I was just in conversation with a Buddhist scholar here at Stanford, talking about existence and identity, and had a theory on why it may be so hard for for humans to rationalize, envision, or understand the particle-wave duality nature of all matter around us: Identity and evolution.
The Buddhist philosophy on identity is that we identify too much with ‘I’, setting ourselves apart from other objects ‘they’. I am a male, I am white, I like lima beans (true). I am not a lemur, I am here, I am not there, etc. I’ve thought about this a lot lately, identity and ego, and have been trying to nullify it as best I can in myself. Because most of my identity isn’t really that helpful – if I decide ‘I don’t like this movie’ 25% in, I will stop paying attention and may miss something good or important etc etc. From the west’s ‘I think, therefore I am’ , the error is in taking identity with thinking: ‘I think.’ In any case, I’m establishing that I am trying, as in the Buddhist tradition, to question and properly define existence.
From an evolutionary standpoint, identity is very useful. If the lion is approaching, it is useful to say ‘that’ lion (which is not me), and is approaching ‘me’, probably with intents that will impede my ability to reproduce. When resources are scarce, it is useful (evolutionarily) for me to hoard them for ‘me’ and ‘my family,’ in order to reproduce. Thus identity with form has definite evolutionary advantages, and so we may be ‘hardwired’ with this specific identity.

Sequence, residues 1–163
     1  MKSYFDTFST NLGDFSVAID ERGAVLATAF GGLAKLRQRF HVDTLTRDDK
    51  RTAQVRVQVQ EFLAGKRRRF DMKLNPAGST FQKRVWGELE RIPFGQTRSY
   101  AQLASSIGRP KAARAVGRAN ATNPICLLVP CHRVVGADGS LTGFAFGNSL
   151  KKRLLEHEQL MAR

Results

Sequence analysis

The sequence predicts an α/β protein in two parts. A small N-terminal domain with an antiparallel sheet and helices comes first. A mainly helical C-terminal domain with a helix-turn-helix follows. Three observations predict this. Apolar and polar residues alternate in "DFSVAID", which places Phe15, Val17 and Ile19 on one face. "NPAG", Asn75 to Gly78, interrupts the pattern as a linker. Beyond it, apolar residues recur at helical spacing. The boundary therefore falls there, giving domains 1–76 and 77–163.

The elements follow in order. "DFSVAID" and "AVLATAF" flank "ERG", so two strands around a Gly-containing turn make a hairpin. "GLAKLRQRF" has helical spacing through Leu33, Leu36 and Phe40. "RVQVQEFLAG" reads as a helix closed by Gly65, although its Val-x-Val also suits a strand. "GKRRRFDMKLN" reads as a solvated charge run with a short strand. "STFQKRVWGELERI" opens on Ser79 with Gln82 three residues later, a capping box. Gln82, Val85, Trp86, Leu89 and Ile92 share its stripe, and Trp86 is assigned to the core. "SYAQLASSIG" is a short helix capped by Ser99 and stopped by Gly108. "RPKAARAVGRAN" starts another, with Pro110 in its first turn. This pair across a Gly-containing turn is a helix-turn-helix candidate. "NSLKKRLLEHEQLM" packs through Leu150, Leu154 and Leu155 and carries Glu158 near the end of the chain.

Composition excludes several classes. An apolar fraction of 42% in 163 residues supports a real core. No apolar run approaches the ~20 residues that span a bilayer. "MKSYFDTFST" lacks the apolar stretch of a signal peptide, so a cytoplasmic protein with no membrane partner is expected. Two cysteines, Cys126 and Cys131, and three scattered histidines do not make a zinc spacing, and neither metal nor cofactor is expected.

Quantum Physics and particle-wave duality:
But in the real world, there is no border to ‘me.’ Particles of matter are not local, but spread out infinitely in space, so the notion of ‘I’ being here and ‘you’ being there is not actually true. In Quantum Mechanics, if one puts an electron in a box and closes the lid, the electron takes up the full volume of the box (in truth takes up space out to infinity, but mostly in the box). Its only when we look at the electron does it collapse to a local position, and even that is arguable (maybe it only interacts locally). This is duality: that particles travel as (non-local) waves, and interact as particles. No one can understand or envision it, its simply true.
I posit that the reason we can’t understand duality is because of billions of years of evolution, training us to identify ourselves as distinct from others, and our environment, in order to capitalize our situation. If we judged non-locality of ourselves, the notion of this thing is better than that, this location is better than that one.. becomes undefined as we are in both locations at once.